I came across the idea of Action Oriented communities of practice on the Anecdote blog by Shawn Callahan. It refers to the point in the CoP life cycle when the group really benefits from creating tangible things designed
to improve the membersâ€™ practice. This point occurs sometime after the
early days of formation after the members have worked out their domain,
and they know whoâ€™s participating, how people get on with one another,
and how members communicate.
The article refers to a five part approach designed to coordinate action within a CoP:
- general discussion
- discussion tables
- a list of possible projects
- small groups (ideally 3 people) working on things together
- database of projects
The community makes progress by hosting discussion tables and
encouraging active and robust conversation that leads people to suggest
things that would be good to do as a community. The list of projects
grows and some are tackled based on the energy and enthusiasm of
members. The process of undertaking these projects in small groups
creates new relationships which in turn creates new conversations and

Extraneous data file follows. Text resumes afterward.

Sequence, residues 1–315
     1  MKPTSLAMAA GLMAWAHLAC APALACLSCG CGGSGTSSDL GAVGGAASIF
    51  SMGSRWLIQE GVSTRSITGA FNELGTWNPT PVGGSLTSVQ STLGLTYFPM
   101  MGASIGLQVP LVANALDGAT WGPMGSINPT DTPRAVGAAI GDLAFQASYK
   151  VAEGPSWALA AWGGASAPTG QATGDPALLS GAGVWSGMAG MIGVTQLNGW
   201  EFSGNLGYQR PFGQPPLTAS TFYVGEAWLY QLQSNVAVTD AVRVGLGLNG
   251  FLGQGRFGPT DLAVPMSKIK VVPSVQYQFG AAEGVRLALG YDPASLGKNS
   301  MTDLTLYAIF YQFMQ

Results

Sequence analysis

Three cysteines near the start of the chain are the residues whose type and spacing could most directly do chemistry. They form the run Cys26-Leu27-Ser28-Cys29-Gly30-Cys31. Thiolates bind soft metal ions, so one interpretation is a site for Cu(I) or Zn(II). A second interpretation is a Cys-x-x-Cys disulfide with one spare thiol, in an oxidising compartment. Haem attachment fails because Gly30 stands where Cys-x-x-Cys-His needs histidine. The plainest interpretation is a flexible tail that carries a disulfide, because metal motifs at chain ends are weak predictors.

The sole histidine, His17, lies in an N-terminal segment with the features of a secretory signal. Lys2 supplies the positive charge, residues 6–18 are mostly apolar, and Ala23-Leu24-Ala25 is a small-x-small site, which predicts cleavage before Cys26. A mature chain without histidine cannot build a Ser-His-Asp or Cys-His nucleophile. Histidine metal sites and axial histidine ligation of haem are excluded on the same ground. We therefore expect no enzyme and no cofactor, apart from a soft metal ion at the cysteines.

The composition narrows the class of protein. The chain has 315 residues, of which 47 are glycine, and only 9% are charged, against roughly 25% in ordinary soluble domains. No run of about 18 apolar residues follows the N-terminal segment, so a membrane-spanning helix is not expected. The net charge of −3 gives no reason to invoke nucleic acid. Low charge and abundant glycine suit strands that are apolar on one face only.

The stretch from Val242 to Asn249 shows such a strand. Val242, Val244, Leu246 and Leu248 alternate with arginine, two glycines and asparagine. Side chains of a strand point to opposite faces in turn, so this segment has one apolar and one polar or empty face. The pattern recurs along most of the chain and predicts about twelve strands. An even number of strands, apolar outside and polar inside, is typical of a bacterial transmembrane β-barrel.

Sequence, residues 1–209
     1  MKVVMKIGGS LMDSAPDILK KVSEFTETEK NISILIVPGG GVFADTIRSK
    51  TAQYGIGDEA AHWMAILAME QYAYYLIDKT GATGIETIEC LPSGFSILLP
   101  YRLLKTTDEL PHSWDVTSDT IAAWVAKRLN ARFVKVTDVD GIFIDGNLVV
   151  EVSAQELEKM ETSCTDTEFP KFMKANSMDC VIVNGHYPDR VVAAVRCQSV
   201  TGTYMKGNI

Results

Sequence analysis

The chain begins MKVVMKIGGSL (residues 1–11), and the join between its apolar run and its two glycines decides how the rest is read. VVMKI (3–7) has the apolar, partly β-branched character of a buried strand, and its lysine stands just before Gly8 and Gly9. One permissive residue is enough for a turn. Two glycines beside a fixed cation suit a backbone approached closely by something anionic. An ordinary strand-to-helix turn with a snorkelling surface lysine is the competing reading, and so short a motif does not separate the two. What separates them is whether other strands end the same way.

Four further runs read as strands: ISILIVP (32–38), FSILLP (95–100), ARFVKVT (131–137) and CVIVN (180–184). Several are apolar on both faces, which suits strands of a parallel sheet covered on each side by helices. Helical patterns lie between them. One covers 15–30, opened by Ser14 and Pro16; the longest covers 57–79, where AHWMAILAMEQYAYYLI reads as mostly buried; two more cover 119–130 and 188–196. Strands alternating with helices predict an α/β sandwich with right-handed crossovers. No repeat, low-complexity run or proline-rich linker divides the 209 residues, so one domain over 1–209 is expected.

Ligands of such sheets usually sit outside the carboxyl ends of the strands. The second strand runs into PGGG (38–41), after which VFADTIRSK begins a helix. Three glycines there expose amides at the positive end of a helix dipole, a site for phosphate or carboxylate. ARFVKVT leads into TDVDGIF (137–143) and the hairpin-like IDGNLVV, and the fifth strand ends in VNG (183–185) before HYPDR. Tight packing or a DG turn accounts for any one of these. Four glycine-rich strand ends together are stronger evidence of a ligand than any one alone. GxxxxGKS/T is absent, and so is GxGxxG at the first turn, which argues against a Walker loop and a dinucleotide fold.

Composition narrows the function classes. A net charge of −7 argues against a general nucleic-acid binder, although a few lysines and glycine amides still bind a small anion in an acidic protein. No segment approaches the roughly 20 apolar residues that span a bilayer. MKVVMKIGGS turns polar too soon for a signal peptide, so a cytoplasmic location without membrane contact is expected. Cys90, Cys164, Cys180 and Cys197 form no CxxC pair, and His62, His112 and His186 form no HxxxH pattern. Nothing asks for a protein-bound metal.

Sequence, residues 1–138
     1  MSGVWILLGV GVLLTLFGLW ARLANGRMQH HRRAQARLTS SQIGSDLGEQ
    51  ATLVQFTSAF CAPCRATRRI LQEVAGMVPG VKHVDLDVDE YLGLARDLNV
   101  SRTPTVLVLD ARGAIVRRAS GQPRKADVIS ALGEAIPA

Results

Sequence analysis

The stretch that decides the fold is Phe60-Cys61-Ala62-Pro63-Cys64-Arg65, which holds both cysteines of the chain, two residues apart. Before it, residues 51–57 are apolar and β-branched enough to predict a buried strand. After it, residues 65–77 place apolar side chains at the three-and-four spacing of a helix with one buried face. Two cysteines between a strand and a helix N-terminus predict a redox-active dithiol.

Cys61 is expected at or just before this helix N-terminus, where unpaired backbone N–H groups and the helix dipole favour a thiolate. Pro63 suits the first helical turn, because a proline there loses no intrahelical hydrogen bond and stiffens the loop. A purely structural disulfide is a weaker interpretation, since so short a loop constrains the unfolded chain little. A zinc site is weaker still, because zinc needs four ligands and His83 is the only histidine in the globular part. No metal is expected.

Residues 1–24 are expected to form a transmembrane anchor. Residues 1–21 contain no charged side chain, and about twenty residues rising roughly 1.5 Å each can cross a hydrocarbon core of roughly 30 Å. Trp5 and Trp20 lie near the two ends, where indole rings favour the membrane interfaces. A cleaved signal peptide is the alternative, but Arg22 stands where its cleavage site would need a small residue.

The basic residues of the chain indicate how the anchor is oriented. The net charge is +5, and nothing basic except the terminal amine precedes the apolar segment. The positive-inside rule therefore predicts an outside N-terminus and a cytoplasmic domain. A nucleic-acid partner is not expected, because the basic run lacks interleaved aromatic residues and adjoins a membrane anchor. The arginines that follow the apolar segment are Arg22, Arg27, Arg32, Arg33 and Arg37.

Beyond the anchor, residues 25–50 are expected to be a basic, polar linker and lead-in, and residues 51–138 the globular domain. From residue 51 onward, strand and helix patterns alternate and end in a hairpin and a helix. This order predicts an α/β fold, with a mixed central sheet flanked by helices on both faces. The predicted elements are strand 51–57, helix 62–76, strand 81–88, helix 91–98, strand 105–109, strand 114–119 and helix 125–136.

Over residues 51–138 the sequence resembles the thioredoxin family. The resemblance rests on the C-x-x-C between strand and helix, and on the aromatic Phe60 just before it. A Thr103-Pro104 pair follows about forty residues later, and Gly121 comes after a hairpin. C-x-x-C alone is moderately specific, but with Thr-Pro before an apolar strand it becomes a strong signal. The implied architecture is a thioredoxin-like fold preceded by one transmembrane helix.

new ideas for future discussion tables.
I’m inclined to try this approach for the Facilitator’s Community of Practice for the IDeA, which I co-mentor. I was slightly disappointed at the response to a recent forum entry I posted within the CoP, asking what members wanted to get out of the community, i.e. their needs and objectives. There were only three responses from a total membership of fifty. However, this did trigger the suggestion for a meeting of the members, and I’m in the process of putting an agenda together now. I think the action oriented approach the Shawn describes in his blog would be perfect for this occasion, and I will put it to the CoP members for their views. I’m hoping though, I’ll get more then three responses!
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